China's economy grew 6.2 per cent in the second quarter of this year, its slowest rate in 27 years, as the country's trade war with the United States exacted its toll.
Analysts said they expect economic growth to continue to weaken for the rest of this year, which would likely prompt more aggressive stimulus measures from the government.
Data released yesterday by the National Bureau of Statistics (NBS) showed that gross domestic product (GDP) growth in the second quarter slowed further from the 6.4 per cent in the first quarter of the year, but largely within expectations.
The economy grew by 6.3 per cent in the first half of the year, according to the NBS. The figure is still within the 6 per cent to 6.5 per cent target that Beijing has set for full-year GDP growth.
Last year, China's economy grew by a reported 6.6 per cent.
Economists are closely watching the performance of the world's second largest economy as the trade war continues, dragging down other economies, including Singapore, whose second-quarter economic growth slumped to 0.1 per cent.
Speaking at a briefing yesterday, NBS spokesman Mao Shengyong said that despite the slowdown, China's economy performed within a "reasonable range".
"Global growth is slowing, the external environment is more complicated than in the past. We are focusing our energy on restructuring and upgrading industries," he said when asked about what impact the trade war was having on the economy.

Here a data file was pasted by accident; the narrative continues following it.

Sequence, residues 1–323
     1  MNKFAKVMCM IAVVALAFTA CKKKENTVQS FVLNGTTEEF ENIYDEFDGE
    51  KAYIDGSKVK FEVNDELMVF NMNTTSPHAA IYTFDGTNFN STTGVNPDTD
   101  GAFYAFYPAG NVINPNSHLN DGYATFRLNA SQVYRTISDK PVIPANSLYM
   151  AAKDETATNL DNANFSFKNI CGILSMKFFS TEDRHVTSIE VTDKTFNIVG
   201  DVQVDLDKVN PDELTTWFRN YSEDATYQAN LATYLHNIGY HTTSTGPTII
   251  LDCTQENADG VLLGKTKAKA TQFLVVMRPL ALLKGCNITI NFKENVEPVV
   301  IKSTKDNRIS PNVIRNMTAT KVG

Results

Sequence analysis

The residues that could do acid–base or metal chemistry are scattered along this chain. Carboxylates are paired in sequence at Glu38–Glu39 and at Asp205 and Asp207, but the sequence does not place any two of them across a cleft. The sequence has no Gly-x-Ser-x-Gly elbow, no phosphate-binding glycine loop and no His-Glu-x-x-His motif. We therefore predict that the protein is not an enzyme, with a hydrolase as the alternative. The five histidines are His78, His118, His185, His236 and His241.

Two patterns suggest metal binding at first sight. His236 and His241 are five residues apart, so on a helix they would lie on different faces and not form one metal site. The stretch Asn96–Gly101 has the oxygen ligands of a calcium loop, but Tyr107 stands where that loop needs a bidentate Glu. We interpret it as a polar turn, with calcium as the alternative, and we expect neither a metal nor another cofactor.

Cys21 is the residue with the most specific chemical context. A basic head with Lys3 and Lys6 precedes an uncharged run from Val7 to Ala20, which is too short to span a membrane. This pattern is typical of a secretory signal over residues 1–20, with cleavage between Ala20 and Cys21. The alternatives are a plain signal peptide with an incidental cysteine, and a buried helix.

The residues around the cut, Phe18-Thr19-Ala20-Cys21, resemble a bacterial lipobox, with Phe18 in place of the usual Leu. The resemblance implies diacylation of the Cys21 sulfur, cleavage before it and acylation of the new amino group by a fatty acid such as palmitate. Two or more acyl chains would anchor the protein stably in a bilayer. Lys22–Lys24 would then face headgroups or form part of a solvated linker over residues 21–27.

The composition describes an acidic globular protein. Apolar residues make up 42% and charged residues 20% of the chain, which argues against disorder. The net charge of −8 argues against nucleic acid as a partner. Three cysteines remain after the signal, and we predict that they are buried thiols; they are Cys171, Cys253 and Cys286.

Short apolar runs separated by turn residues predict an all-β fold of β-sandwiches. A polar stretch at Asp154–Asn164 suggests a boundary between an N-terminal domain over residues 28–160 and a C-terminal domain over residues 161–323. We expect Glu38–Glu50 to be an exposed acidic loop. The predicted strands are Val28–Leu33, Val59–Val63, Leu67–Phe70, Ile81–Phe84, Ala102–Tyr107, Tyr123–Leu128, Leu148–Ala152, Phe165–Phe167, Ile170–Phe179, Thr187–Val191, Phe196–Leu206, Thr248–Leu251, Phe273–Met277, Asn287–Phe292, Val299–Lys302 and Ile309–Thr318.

The data released yesterday showed several bright spots for the Chinese economy.
Domestic consumption, as indicated by retail sales, rose 9.8 per cent last month from a year earlier. This was up from 8.6 per cent in May and 7.2 per cent in April - the lowest figure since 2003.
Industrial production last month also grew 6.3 per cent year on year, 1.3 percentage points faster than in May, when it had slumped to a 17-year low.
Peking University finance professor Michael Pettis said GDP growth has slowed because of the trade war and Beijing's efforts to control debt levels.
One thing to watch going forward is whether growth numbers pick up. This would be a sign that Beijing is unleashing stimulus measures to boost the economy, which could also worsen existing debt risks, he said.
"The numbers (today) are not surprising. What really matters is how Beijing will react to the numbers," said Professor Pettis.
Tsinghua University economist Yuan Gangming said he expects that economic growth in the third and final quarters will continue to fall, estimating full-year growth to come in at 6.2 per cent.
Domestic concerns will likely pose greater downward pressure on the economy, he said. "As China makes adjustments to restructure and upgrade industries, this process will also cause economic growth to slow down," he added.
Yesterday's data follows trade figures released last week, which showed exports and imports dipped last month following an escalation of the trade war in May with heightened US tariffs on Chinese goods.
Although both President Donald Trump and Chinese President Xi Jinping met at the G-20 Summit in Osaka and declared a truce in the trade war, tariffs remain on US$360 billion (S$488 billion) worth of goods imposed by both sides while trade talks are under way.